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Little dams, big problems: The legal and policy issues of nonjurisdictional dams

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Abstract Most of the United States' 2.5 million dams are not under the jurisdiction of any public agency. These small (under 6 ft [1.83 m] tall) nonjurisdictional dams, unregulated and not inventoried anywhere, endanger public safety and degrade riparian ecosystems. Their problems are increasing as structures age and storm events become more violent. Property owners can be held liable for problems at dams. Through several policy changes and legal actions, states can vastly improve the situation. States should consider expanded jurisdiction over small dams, a program of inventorying and mapping all dams in state waterways, owner education and outreach, and shared resources to allow for improved public safety and river restoration through best dam management or dam removal practices. This article is categorized under: Human Water > Water Governance Engineering Water > Planning Water Water and Life > Stresses and Pressures on Ecosystems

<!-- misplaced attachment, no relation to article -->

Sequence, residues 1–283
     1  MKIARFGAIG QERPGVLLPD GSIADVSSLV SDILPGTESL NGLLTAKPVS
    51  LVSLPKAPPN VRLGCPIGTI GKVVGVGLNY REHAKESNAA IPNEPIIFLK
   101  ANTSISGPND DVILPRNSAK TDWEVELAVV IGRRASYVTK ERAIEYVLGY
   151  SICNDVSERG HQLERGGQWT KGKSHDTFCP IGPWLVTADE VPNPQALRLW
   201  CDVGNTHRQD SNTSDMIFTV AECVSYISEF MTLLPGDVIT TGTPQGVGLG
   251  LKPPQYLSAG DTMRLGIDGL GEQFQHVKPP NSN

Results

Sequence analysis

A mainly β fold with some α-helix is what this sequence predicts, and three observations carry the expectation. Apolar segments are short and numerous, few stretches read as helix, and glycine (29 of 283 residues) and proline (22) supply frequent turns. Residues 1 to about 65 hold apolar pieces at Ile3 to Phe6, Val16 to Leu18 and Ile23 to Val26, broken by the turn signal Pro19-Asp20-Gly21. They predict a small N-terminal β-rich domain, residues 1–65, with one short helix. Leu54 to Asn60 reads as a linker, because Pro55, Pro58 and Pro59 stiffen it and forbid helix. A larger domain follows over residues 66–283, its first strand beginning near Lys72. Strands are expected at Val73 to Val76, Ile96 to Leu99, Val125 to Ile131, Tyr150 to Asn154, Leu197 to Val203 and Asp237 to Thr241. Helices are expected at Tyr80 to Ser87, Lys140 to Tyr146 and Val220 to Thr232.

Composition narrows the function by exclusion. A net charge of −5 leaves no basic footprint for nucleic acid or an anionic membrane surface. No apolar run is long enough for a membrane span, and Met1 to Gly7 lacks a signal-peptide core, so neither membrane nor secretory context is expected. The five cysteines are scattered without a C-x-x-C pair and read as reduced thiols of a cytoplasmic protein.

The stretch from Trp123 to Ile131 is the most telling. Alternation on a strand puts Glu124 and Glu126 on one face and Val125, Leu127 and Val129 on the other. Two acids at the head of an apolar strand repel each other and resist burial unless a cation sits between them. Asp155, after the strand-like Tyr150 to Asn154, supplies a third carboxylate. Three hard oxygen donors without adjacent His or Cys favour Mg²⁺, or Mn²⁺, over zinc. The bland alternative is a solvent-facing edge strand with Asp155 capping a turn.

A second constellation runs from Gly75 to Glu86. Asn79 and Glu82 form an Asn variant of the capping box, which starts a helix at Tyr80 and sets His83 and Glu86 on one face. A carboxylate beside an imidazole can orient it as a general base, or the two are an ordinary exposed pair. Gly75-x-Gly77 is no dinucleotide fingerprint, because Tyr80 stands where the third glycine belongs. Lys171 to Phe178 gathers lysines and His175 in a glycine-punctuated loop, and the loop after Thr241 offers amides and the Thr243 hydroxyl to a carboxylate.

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Human Water > Water Governance
Water and Life > Stresses and Pressures on Ecosystems
Engineering Water > Planning Water

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